It looks likely that two Swedish companies will go public at unicorn valuations in 2018.
The first, Spotify, listed directly on the NYSE in April, with a market cap just shy of $30 billion at opening trade. And earlier this week, payments startup iZettle announced plans to file for an IPO on the NASDAQ Stockholm and raise 2 billion Swedish kronor (about $231 million), which will reportedly give the company a valuation of some $1.1 billion.
Unicorns emerging from Europe always provide positive headlines for the startup and VC communities, as well as politicians seeking to boost their own tech credentials and position their respective countries as vibrant parts of the European ecosystem.
However, a look at the numbers reveals a dramatic drop in public exits over the past five years. Last year saw 58 VC-backed IPOs for European companies, per PitchBook data. More than five months into 2018, that number stands at just nine—on track for a six-year low and a dramatic fall from the 82 listings that occurred in 2014.
VC-backed IPOs of European companies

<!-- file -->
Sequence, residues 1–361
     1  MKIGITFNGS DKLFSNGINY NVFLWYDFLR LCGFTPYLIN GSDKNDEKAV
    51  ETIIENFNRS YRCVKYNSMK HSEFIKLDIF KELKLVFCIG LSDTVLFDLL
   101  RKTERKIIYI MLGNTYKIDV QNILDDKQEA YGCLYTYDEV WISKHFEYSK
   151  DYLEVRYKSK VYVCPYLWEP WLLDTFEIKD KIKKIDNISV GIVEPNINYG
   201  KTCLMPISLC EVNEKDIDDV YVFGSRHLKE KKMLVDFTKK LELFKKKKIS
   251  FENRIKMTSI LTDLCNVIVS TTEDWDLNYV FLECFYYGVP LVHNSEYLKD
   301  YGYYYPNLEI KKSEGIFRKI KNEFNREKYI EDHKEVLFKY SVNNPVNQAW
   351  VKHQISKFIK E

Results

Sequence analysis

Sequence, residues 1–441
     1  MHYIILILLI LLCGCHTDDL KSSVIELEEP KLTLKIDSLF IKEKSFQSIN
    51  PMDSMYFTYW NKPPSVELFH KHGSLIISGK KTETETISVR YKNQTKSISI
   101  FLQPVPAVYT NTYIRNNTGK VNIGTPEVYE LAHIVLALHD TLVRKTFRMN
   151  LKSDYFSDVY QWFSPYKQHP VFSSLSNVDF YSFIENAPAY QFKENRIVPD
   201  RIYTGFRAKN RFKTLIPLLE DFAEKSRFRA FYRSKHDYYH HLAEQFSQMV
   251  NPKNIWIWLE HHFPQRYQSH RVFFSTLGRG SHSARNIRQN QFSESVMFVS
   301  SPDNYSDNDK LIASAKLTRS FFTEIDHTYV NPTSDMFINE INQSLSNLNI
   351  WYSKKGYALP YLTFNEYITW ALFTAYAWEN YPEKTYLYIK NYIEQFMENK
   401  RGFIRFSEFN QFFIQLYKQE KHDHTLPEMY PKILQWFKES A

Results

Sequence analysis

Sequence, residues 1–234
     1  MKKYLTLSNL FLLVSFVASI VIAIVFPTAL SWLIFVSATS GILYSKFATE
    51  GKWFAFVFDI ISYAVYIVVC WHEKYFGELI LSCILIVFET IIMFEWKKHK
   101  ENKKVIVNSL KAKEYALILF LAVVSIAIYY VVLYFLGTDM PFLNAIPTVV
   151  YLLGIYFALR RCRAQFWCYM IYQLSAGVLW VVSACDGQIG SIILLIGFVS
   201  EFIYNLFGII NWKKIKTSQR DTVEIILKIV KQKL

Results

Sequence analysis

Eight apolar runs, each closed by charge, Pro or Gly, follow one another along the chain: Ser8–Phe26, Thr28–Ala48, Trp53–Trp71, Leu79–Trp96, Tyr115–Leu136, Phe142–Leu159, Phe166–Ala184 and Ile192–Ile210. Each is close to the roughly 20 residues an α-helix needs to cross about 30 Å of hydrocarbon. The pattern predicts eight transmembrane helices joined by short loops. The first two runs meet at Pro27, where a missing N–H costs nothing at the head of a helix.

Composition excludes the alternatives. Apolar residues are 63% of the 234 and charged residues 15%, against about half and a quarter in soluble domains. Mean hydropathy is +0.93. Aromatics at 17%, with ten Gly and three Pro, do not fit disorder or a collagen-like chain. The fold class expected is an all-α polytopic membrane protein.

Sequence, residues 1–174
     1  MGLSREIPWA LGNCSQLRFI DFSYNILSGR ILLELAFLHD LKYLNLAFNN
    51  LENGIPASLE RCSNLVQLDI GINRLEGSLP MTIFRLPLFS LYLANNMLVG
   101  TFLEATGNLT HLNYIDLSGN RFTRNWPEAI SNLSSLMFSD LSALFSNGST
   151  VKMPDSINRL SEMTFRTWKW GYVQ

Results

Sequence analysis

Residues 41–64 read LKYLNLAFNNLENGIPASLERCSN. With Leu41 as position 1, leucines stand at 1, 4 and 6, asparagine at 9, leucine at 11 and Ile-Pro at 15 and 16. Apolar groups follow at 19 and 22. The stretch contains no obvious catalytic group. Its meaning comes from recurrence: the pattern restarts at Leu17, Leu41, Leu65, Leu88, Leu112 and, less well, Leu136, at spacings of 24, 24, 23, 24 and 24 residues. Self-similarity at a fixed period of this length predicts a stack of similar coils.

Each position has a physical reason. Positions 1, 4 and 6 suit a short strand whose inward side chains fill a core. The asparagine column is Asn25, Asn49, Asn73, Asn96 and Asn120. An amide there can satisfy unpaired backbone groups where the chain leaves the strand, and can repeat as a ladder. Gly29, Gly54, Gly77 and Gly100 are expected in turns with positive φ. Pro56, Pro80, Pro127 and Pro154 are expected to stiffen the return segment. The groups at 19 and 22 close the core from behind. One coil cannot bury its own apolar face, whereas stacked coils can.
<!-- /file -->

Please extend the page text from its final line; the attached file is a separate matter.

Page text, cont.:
This marked drop is another sign of a tightening in public market investment in Europe, highlighted by a number of recent flops across the continent's exit landscape. That trend extends to PE-backed companies as well as their VC-backed peers. BC Partners portfolio company Springer Nature ditched a planned float due to market conditions earlier this week, while an industry source described the Swiss IPO conducted in early May by Apollo Global Management-backed CEVA Logistics as a 'disaster' in a recent Reuters report.
Meanwhile, the performance of Europe’s VC-backed listings—particularly on non-London exchanges—has left a lot to be desired. Danish software startup Agillic, for example, is down 10% since the close of its first day of trading in Copenhagen in March, while Fluicell—a pharmaceutical company listed on iZettle’s targeted Stockholm exchange—is down nearly 20% since floating last month. Even Spotify, one of the European startup scene’s crown jewels, is currently drifting nearly 11% off its opening price.
If post-listing performance continues to drag, it is hard to see how IPO numbers climb back up. Public market investors no longer want to be treated like the greater fool, which means the buck stops now with VCs—and holding periods look destined to rise yet further.